GM E85 presentationEnlarge Photo
Eight years ago, ethanol was going to let the U.S. grow its own vehicle fuel, reduce its use of gasoline made from imported oil, and boost energy security.
How much have you heard about those themes lately? Not much, we'd wager.
A lot has changed since the 2007 passage of the Energy Independence and Security Act, which set volume requirements for biofuels to be blended into U.S. fuel supplies.
Proposed EPA E15 gasoline pump warning label for ethanol contentEnlarge Photo
A high-level look at the current state of ethanol, in a Navigant Research blog post, suggests that ethanol has fallen victim to several forces that have combined to reduce the need for the volumes specified almost seven years ago.
What a difference
U.S. domestic natural-gas production has soared, and the price of the fuel has fallen substantially, making it more attractive as a substitute for other industrial fuels--including oil.
Under the Obama Administration, the Environmental Protection Agency has moved slowly toward greater regulation of carbon emitted by the domestic electric-utility industry.
And Corporate Average Fuel Economy (CAFE) rules have been put in place covering vehicles through the 2025 model year, making standards clear for automakers selling in the U.S.
The average fuel economy of new cars sold has never been higher. It's now almost at 25 mpg across all vehicles, weighted by sales volume. Meanwhile, plug-in electric vehicles use no gasoline at all.
Paradoxically, the economic recession actually helped, delaying replacement of some vehicles until after more stringent CAFE rules came into effect. U.S. drivers also have fewer cars, and are driving them less.
The net result is that the U.S. energy picture is vastly different than it was a decade ago, shortly after the 9/11 attacks.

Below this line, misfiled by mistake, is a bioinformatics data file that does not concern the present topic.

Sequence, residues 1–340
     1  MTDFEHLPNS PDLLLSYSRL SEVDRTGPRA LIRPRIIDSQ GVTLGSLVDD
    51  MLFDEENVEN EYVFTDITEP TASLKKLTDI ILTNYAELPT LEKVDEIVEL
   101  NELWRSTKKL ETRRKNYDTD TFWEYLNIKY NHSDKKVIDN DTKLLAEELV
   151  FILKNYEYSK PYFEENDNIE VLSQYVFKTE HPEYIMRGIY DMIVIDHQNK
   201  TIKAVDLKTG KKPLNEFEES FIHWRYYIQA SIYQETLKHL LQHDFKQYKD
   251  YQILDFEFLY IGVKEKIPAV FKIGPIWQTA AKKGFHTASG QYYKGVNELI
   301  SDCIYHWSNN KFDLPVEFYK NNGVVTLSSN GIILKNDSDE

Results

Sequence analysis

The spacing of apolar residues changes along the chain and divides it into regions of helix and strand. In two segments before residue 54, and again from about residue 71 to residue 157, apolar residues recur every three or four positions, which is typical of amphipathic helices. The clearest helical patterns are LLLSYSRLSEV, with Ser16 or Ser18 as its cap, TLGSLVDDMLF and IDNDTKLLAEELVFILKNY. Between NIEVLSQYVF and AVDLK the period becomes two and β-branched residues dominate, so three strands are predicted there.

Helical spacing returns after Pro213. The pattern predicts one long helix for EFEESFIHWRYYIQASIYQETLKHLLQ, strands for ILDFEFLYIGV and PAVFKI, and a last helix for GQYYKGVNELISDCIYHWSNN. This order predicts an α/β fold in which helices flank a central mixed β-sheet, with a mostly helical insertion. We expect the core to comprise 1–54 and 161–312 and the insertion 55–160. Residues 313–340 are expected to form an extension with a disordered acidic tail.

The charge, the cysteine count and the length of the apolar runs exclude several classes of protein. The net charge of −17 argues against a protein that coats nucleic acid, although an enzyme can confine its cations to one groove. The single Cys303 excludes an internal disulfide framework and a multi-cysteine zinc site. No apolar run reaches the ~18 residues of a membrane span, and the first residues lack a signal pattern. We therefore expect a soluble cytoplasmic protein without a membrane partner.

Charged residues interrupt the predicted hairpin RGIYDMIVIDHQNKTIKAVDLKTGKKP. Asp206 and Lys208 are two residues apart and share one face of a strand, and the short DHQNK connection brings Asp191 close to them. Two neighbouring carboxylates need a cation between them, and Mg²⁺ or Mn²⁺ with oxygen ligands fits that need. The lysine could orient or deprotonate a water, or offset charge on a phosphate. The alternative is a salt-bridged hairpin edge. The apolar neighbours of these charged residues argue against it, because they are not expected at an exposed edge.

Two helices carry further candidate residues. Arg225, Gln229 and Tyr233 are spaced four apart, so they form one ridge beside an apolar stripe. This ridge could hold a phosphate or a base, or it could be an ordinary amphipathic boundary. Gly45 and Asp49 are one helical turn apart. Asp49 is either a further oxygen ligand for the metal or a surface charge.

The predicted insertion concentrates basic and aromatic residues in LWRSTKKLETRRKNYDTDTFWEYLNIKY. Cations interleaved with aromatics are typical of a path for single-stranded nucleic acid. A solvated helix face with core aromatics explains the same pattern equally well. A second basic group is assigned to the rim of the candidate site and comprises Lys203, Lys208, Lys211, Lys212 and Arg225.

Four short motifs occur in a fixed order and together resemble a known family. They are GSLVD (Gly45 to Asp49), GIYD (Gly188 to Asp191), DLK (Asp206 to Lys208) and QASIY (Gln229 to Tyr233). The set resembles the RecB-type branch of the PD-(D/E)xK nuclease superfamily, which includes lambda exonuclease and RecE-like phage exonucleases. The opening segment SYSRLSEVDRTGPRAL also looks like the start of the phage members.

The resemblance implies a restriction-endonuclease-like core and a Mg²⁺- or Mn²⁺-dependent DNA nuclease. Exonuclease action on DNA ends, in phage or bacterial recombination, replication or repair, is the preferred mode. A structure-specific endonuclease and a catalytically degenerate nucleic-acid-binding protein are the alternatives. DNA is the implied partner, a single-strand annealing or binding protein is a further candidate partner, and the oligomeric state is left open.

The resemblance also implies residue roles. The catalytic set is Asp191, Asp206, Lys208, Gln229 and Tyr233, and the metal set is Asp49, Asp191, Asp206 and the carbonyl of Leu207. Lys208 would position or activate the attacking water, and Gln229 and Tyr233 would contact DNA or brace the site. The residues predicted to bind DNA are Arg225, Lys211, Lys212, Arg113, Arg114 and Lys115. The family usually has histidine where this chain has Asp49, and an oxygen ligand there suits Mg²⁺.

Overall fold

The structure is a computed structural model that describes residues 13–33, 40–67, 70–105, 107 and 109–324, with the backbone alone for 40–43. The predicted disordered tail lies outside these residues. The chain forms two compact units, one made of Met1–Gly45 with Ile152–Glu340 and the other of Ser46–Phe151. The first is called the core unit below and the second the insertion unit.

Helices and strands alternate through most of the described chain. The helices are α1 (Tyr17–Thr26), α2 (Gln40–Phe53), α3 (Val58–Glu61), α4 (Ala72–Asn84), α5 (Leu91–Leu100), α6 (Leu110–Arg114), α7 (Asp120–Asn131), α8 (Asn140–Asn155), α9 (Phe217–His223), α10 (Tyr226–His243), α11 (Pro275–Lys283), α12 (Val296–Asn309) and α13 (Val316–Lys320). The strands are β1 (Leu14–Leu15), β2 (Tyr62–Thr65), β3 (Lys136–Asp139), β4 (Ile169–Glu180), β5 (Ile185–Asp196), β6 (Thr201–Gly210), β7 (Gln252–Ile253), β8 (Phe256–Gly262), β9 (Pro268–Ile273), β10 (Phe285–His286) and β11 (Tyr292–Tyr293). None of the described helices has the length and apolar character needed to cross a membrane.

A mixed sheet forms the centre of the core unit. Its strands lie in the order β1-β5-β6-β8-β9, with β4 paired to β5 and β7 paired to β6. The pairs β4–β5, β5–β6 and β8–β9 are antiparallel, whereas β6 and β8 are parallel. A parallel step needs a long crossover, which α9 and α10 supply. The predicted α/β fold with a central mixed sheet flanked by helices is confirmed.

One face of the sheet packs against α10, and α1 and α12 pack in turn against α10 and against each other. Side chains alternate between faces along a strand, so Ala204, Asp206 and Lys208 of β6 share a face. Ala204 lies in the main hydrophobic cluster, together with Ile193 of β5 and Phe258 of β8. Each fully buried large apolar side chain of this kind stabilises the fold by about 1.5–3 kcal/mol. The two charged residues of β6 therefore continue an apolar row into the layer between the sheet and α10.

But the 2007 Energy Security Act was drafted under the assumption that U.S. gasoline consumption would continue to rise.
Renewable Fuel Standard credits earned [U.S. Energy Information Administration]Enlarge Photo
The denominator problem
So the Act mandated specific volumes of biofuels to be used in U.S. vehicle fuel: The curent goal is to use 36 billion gallons of renewable fuels by 2022.
In May, the U.S. Energy Information Administration said in a Market Trend report that biofuel consumption "falls well short" of that target.
In fact, U.S. gasoline usage peaked in 2006--the year before the Act was passed--and has fallen steadily since then.
Here's the problem: If miles driven and car sales are essentially flat--the U.S. market averages 14 to 15 million vehicles a year--and fuel efficiency rises steadily, that means less fuel will be consumed.
Which, in turn, means that the biofuel volume goal becomes a larger percentage of total fuel supplies than it would have been in 2007.
It's called "the denominator problem"--you're dividing by a smaller number--and it's the source of much pain for the EPA.
Dialing down ethanol
That's why the agency called last month for a 20-percent cut in the volume of ethanol mandated to be added into the fuel supply for 2014.
No doubt the agency is also quite aware of the controversy around its June 2012 increase in the permissible ethanol level in gasoline--from E10 to E15, or a blend of 15 percent ethanol and 85 percent gasoline.
Pump with multiple ethanol/gasoline blends.Enlarge Photo
The AAA has come out against E15--as have a number of other groups--claiming that only 5 percent of light-duty vehicles on U.S. roads can presently use the fuel. The EPA says E15 can be used in cars built in 2001 or later.
(Meanwhile, biodiesel makers beg the EPA to distinguish between ethanol and renewable diesel fuel.)
The transition to more ethanol has been slow to roll out, in part because gas stations must buy expensive new "blender pumps" to adjust ethanol levels for each fill-up.
Percents, not gallons?
Our inner mathematician suggests that rather than numeric volume targets, it might have been sounder public policy to set the mandate as a percentage of total vehicle fuel.
That brings its own challenges, of course. A volume mandate at least lets ethanol refineries know how much of their product is required by law.
At least, that is, until the rules change.
How do you handicap ethanol's chances over the next 10 years?
Leave us your thoughts in the Comments below.